YANSS 039 – Unconscious learning, knowing without knowing, blind insight and other cognitive wonders with guest Ryan Scott

 

The Topic: Blind Insight

The Guest: Ryan Scott

The Episode: DownloadiTunesStitcherRSSSoundcloud

celeb jeopardy

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What is the capital of Bulgaria? If you don’t know, just take a guess. Seriously, any answer will be fine. Even Bolgonia – I won’t know, just say something so we can move on.

Ok, now, what is the capital of Italy? Are you sure about that?

Now take a moment and think about your own thinking. How confident are you right now that your guesses are correct? Very confident? What about being wrong? Can you feel an intuition about your own wrongness? If so, can you also feel the strength of that intuition? Maybe you don’t feel like one of your answers is a guess at all (especially if you live near Bulgaria). Maybe you feel that way about both answers. If you feel that way, how confident are you that you aren’t guessing and that you know for sure you know what you know and that you know what you know is a fact?

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YANSS 038 – How the Halo Effect Turns Uncertainty into False Certainty

The Topic: The Halo Effect

The Episode: DownloadiTunesStitcherRSSSoundcloud

halo

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It’s difficult to be certain of much in life.

Not only are you mostly uncertain of what will happen tomorrow, or next year, or in five years, but you often can’t be certain of the correct course of action, the best place for dinner, what kind of person you should be, or whether or not you should quit your job or move to a new city. At best, you are only truly certain of a handful of things at any given time, and aside from mathematical proofs – two apples plus two apples equals four apples (and even that, in some circles, can be debated) – you’ve become accustomed to living a life in a fog of maybes.

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YANSS 037 – Drive, Motivation, and Crowd Control with Daniel Pink

The Topic: Motivation

The Guest: Daniel Pink

The Episode: DownloadiTunesStitcherRSSSoundcloud

A scene from Office Space - 20th Century Fox

A scene from Office Space – 20th Century Fox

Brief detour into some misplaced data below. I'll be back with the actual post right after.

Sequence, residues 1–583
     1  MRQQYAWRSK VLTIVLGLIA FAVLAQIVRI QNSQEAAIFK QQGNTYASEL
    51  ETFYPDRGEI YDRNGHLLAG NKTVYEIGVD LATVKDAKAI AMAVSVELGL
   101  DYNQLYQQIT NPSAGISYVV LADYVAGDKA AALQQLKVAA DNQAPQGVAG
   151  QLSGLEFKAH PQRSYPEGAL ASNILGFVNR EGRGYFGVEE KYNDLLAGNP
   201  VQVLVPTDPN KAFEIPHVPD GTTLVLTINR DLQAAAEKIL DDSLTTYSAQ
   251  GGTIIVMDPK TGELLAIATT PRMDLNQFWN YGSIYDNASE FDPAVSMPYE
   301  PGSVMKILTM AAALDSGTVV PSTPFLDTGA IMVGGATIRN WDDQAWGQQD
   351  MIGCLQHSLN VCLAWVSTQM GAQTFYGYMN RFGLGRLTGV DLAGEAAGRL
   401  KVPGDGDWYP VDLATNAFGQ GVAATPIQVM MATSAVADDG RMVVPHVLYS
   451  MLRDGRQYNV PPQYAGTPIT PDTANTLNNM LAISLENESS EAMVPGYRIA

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Why do you work where you work? I mean, specifically, why do you do whatever it is that you do for a living?

I’m pretty sure that you can answer this question. The average person, according to the Bureau of Labor Statistics, spends between 11 and 15 years of his or her life at work. On the high end, that’s about a fifth of your time on Earth as a person capable of enjoying pumpkin pie and movies about robots. That’s a lot of time spent doing something for reasons unknown, so I doubt you would lift your shoulders and offer up open palms of confusion when it comes to this question. I’m just not so sure that the answer you come up with will be correct.

You probably know all about intrinsic versus extrinsic rewards and the other behavioral motivations like your basic drives for food, sex, and social acceptance as well as the pursuit of pleasure over pain and the quest for your other emotional needs. You know that intrinsic rewards satisfy these desires directly, while extrinsic rewards are usually tokens you can later trade for satisfaction. So, knowing all of this, it’s likely very easy for you to explain your motivations for attending all those meetings and answering all those emails before putting on all those shoes after shaving all the those places before commuting all those miles. Still, I’m not sure I believe you.

Two of my favorite studies in psychology illustrate why I’m a bit skeptical about your justification for your actions – the story you tell yourself and others when wondering why you do what you do.

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